Christopher Heyer grew up in a family business, but the business was not always for Kringle.
Instead, it was Green Tree Market, a small grocery store in Glendale, Wisconsin. It had the hallmarks of a family business—Christopher’s grandfather owned the business and had a big hand in management after his parents took over as owners. His uncle was the butcher. Christopher and his sisters helped with stocking shelves and carrying groceries to customers’ cars. A lot of the grocery store’s employees had been there for over 20 years. There was definitely a family feel with the business.
During that time, Green Tree Market had been selling Racine Danish Kringle. Racine Kringle started in 1981 in Racine, Wisconsin, where the business remains to this day. Back then, the business was mostly wholesale, selling their product through local grocery stores and the like.
“My parents had traveled to Racine many times and visited the local bakeries down there and loved the product,” Christopher says.
Things started to change in a big way during the mid-1980s.
“The Pick ‘N Saves of the world were coming into the world, so it forced our hand,” Christopher recalls. His parents closed Green Tree Market, but they didn’t do so without another opportunity lined up. The Heyers purchased Racine Danish Kringle in 1987, shortly after they closed their grocery store.
“For my parents, it was more like they had the product, they knew that they could improve it based on their visits down to Racine and the local bakers, and I think they really wanted to spread the love of the product with the people all over the state of Wisconsin.”
They’ve been owners ever since.
A Hole in the Middle
Christopher was 18 when his parents closed Green Tree Market. He was undergoing his own transition then: attending UW-Madison as an undergrad, then graduating a couple years later. While he helped his parents grow their new business for a few years in the early 1990s, he ultimately left to work in Chicago.
“I worked on the exchange floor for almost 20 years as a futures broker,” Christopher says. “I was the guy who was screaming in the bright-colored jacket and yelling with two phones in my ears and flashing orders into the pit of the exchange.”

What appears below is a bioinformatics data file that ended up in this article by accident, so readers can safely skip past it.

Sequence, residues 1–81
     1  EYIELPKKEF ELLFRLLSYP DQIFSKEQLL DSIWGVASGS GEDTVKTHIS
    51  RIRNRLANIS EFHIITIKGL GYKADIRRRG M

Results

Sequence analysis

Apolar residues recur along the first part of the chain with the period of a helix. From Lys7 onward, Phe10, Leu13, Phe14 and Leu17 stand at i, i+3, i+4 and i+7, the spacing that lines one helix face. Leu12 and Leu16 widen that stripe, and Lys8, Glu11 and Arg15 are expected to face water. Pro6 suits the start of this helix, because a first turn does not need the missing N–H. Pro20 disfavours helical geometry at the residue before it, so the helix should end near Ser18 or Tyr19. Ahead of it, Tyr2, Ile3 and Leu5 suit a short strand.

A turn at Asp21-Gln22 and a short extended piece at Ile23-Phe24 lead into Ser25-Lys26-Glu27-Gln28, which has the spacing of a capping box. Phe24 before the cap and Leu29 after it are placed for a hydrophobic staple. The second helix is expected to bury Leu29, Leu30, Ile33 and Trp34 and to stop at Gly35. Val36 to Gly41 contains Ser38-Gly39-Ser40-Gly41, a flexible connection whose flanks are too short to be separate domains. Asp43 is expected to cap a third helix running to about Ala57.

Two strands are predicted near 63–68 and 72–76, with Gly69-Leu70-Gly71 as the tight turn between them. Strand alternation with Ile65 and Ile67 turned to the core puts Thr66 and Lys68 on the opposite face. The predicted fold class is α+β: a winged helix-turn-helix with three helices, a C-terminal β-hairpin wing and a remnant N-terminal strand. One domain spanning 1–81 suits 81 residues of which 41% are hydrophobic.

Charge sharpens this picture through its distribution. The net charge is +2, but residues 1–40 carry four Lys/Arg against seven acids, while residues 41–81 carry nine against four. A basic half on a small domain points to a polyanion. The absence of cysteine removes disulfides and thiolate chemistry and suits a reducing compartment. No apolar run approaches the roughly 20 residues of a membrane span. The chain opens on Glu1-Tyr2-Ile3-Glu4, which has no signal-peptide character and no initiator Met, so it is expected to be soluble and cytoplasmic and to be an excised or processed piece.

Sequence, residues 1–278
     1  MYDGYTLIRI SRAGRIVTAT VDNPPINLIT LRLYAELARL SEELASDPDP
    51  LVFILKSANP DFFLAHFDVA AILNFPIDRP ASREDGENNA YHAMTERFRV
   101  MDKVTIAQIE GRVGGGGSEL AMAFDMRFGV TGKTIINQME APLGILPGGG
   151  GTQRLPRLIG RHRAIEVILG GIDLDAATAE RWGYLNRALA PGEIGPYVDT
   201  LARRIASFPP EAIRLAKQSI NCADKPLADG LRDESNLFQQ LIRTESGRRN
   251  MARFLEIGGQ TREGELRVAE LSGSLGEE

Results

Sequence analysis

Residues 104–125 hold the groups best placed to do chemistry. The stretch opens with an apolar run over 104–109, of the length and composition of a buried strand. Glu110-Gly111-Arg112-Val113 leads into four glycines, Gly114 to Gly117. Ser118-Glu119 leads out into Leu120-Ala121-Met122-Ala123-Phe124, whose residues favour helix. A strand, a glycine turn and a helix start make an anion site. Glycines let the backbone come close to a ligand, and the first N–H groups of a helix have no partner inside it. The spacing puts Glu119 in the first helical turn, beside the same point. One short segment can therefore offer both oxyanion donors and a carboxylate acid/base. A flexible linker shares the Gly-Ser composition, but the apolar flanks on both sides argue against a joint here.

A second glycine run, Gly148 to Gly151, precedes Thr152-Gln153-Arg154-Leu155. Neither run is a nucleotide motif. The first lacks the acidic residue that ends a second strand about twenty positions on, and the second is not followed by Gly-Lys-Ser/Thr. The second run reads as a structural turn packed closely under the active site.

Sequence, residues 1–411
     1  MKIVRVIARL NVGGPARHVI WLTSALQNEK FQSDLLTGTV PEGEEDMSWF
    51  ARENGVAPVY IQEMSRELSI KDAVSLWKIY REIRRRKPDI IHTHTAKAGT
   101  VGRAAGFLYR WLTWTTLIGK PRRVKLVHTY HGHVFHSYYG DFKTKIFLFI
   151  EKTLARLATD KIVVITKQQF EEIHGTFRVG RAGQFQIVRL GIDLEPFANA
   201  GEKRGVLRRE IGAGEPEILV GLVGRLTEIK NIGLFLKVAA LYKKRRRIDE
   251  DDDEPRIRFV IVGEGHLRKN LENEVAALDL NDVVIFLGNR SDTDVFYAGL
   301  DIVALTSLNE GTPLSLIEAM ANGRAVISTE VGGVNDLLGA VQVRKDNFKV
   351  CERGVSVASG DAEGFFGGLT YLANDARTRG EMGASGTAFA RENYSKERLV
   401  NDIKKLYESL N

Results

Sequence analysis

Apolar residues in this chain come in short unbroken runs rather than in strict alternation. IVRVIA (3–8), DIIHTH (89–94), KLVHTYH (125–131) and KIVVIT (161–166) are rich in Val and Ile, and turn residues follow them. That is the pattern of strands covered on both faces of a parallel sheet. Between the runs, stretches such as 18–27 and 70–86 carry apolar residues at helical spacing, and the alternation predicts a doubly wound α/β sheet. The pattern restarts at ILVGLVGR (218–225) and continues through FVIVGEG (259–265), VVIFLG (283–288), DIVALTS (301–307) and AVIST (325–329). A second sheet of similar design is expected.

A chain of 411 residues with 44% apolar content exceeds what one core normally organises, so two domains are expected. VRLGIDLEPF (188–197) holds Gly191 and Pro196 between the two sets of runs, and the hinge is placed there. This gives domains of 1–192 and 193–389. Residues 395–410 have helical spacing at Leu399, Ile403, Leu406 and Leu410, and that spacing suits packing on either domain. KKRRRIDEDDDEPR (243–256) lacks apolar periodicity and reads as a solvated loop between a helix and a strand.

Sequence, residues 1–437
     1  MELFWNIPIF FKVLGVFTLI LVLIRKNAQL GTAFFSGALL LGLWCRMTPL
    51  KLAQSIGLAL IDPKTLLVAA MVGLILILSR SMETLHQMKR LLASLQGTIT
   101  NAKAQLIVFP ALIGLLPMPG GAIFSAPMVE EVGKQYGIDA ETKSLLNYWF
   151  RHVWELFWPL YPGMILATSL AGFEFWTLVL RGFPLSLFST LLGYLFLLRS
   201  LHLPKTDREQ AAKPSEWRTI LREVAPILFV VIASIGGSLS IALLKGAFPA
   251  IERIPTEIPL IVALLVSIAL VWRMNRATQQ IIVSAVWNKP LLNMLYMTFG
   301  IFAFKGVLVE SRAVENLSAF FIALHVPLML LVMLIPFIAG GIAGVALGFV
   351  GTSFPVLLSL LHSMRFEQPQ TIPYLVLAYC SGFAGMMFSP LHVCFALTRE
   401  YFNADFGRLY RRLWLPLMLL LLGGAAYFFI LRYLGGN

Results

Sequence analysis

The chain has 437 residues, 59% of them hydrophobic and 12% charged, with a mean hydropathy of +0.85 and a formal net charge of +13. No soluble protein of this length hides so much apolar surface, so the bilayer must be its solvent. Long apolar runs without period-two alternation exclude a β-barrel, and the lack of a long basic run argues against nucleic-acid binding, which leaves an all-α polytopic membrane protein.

When it comes to taking a break from the family business, Christopher’s time in Chicago was an extended one. But in 2012, his mother got sick and his father started to look into getting out of the business as much as he could.
“Dad said, if you’re going to take this over, you should do this now,” Christopher recalls.
The offer was really tempting. Instead of moving money around, Christopher would be working with a tangible object that was created by hand. Additionally, he would be returning to a family business, an environment in which he grew up. Taking over Racine Danish Kringle sounded like a more fulfilling job than a futures broker. So Christopher moved back to Racine to start working at the family business again.
Topped with Sweet Icing
Making and selling Kringle is different than managing a grocery store, but there’s one aspect that remains the same: working with family.
“I see these people who worked here forever. It’s pretty cool,” Christopher says. “There’s a lot of them who’ve been with us a long time. It’s good to know that people like to come to work every day. They must if they’re working that long.”
It’s not just the bakers and icers on the floor that are like family. Christopher, the current owner of Racine Danish Kringle, shares an office with his younger sister Marie.
“She’s got the bigger desk, I’ve got the smaller desk. I like it that way.”
Previous to working with her brother, Marie was a marketer in California for ten years. She moved back to Wisconsin to be with her parents and decided to stay and work at the family business.
On paper, Christopher is the president and Marie is the chief marketing officer. They work so closely together that their titles don’t mean much in the day-to-day. From the beginning, they’ve shared a common vision for the company and work together to make it a reality.
“I couldn’t do what I do without her,” Christopher says. “We both have common goals, what we want to do here with the company. It’s fun to see her every day. I didn’t have that for a long time.”